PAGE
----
Identification. "Gitanos," the term that almost all Gypsies of Spain use to identify themselves, is also the word that non-Gypsy Spaniards use. Gitanos are monolingual Spanish speakers, and although some claim that an identifiable physical type exists, Gitanos are in fact phenotypically indistinguishable from other Spaniards. They are overwhelmingly sedentary, not nomadic. They derive their name (as do Gypsies, Gitans, Tsiganes, and Zigeuners) from the misnomer "Egyptian." The term originated with the erroneous notion, dating back to western Europe's early modern period, that "Gypsies" originally came from Egypt. Gitanos probably account for well over 99 percent of the Gypsy populations in Spain. They should be distinguished from Spain's tiny minority of Indic-speaking people, who are also glossed in English as "Gypsies." (The latter, whom both Gitanos and non-Gitano Spaniards call "Húngaros," or "Gitano-Húngaros," call themselves "Rom.") Gitanos rarely intermarry with Spain's Romany-speaking Gypsies even when they live in the same quarter, and they have many more social and economic relations with non-Gypsy Spaniards than they do with the Rom.
Demography. No reliable censuses of Gitanos in Spain exist today, although estimates vary from 100,00 to 300,000 persons. Earlier censuses are referred to in the historical Record, but only one approximation to a census, a national prison roster, has actually been found. This roster, which is considered to have comprised almost all the Gypsies in Spain, is a 1749 listing of some 9,000 Gypsy prisoners who were rounded up and incarcerated for three months under Philip VI: if correct, it would show that Gitanos in the mideighteenth century constituted about 0.2 percent of the Spanish population. While the relative proportion of Gitanos to non-Gitanos has doubled and perhaps quintupled since the mid-eighteenth century, the present Gitano incidence is still estimated as ranging from at most about 0.5 to 1 percent of the total Spanish population.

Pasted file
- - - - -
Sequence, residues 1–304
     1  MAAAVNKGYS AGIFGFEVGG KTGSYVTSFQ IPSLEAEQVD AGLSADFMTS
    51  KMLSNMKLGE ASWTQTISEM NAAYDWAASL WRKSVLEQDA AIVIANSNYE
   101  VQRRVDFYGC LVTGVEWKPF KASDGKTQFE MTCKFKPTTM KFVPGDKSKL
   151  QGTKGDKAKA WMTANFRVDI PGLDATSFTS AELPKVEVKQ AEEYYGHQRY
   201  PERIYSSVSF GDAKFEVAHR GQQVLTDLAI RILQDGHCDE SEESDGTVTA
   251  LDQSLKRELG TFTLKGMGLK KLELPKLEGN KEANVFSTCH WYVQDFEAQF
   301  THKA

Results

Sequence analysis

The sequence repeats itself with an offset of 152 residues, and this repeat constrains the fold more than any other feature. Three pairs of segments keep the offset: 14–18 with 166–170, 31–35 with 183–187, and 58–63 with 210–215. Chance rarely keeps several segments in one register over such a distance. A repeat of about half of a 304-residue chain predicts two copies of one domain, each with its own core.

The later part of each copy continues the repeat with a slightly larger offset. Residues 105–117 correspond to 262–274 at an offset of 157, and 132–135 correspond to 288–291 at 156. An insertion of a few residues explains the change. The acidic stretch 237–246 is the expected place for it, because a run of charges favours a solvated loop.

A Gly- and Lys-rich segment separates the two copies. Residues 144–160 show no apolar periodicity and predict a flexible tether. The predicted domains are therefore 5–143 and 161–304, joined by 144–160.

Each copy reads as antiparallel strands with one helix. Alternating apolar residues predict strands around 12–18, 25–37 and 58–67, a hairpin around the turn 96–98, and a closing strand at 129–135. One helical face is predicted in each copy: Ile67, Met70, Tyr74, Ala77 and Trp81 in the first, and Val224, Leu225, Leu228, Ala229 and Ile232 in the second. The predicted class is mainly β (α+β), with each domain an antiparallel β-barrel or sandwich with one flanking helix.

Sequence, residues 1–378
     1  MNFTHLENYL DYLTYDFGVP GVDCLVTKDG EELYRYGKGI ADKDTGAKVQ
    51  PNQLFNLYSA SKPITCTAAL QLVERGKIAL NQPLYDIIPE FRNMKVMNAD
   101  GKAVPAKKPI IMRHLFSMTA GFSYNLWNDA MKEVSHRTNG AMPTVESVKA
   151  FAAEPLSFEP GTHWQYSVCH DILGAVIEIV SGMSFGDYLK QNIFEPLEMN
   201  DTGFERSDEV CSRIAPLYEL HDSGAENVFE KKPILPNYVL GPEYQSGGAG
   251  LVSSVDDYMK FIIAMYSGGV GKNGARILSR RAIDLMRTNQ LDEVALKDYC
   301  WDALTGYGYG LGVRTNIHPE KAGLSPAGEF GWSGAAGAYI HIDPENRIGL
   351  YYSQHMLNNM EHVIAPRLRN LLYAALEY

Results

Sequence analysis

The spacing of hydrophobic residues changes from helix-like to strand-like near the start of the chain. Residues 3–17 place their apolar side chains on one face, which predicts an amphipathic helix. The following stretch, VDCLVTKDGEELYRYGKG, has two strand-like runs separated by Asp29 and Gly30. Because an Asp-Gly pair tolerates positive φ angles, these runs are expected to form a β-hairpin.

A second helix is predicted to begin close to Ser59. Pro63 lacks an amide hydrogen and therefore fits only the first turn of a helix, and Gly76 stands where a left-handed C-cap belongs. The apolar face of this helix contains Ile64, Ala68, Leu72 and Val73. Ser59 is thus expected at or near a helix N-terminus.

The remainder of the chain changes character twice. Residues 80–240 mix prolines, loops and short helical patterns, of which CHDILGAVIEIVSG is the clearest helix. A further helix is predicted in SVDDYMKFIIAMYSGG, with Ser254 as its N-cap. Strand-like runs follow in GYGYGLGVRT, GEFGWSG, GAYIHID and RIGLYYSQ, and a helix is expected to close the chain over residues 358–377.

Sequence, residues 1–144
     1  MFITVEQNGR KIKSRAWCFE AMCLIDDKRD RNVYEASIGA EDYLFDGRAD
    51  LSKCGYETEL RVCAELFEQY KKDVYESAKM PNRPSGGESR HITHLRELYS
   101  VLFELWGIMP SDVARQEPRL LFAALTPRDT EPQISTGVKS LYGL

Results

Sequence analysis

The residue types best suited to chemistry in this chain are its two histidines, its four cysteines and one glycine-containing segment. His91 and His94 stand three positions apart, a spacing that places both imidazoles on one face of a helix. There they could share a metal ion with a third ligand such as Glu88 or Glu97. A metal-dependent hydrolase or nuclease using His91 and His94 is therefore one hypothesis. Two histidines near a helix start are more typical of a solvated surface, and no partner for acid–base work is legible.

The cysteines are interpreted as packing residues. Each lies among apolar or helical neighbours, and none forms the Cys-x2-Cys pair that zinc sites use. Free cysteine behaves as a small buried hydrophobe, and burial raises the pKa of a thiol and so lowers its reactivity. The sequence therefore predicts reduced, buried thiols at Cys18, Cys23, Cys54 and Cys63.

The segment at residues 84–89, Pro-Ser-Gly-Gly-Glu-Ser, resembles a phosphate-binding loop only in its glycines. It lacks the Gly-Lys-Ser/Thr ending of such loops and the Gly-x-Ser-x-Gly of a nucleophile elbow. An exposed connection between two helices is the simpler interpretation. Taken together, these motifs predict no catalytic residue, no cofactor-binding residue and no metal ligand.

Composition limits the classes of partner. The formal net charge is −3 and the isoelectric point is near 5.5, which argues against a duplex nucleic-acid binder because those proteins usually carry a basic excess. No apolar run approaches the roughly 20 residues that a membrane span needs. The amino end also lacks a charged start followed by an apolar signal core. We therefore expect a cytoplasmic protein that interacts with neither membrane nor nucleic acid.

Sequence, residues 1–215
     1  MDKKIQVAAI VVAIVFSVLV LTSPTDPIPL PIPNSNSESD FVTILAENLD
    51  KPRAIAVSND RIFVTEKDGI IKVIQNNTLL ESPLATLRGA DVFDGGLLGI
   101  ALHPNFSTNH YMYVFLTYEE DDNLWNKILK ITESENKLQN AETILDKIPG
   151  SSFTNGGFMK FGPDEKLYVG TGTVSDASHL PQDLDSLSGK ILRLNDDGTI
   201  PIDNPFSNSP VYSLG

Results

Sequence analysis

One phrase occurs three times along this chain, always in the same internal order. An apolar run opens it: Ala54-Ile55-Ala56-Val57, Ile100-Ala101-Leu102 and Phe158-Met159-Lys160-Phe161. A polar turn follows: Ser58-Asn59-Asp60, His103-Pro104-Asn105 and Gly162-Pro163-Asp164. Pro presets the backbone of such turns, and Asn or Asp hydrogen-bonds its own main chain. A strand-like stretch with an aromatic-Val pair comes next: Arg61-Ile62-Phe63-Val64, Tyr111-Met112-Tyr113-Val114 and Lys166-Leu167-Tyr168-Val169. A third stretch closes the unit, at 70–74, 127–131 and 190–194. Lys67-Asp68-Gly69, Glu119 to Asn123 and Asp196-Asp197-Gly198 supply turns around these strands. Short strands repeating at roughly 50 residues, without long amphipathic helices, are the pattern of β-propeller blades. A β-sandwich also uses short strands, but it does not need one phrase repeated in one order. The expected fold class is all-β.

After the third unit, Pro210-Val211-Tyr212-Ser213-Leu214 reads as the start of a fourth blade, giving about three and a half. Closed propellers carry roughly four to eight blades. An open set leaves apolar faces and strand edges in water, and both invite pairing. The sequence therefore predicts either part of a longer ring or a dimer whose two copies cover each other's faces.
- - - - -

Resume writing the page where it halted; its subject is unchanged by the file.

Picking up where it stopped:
Linguistic Affiliation. Gitanos in Spain, like Gypsies in many other countries, are monolingual speakers of the Language of their own country—in this case, Spanish. In the past Gitanos spoke Caló, a speech form characterized by Spanish grammar but containing words of Indic origin. It is not known when Caló emerged, but its lexical items show it to have been derived from a language akin to Romany (Romanes), the Language of the present-day Rom. Caló was entirely distinct from Germania, or "thieves' slang," of Spain, and although it penetrated Germania, the reverse did not occur to any great extent. By the mid-nineteenth century, the different local variants of Caló together constituted some 2,000 lexical items, and Gitanos could still communicate without being understood by outsiders. Today, Caló is no longer a living speech code, although isolated lexical items may be wide-spread in the speech of some Gitanos. One interesting aspect of Caló has been the attention given to it by non-Gypsy aficionados of Gypsy culture. In the nineteenth century as well as today, non-Gypsies have taught themselves to speak, and even compose poetry, in Caló. In the present climate of Gitano consciousness-raising, both Gitanos and non-Gitanos engaged in Gypsy politics have learned to speak a form of Caló (largely from written sources), have organized classes to teach Gitanos Caló, and have composed political verse in it. Caló has contributed words to spoken Iberian Spanish, and it has found a small place in the Spanish dictionaries.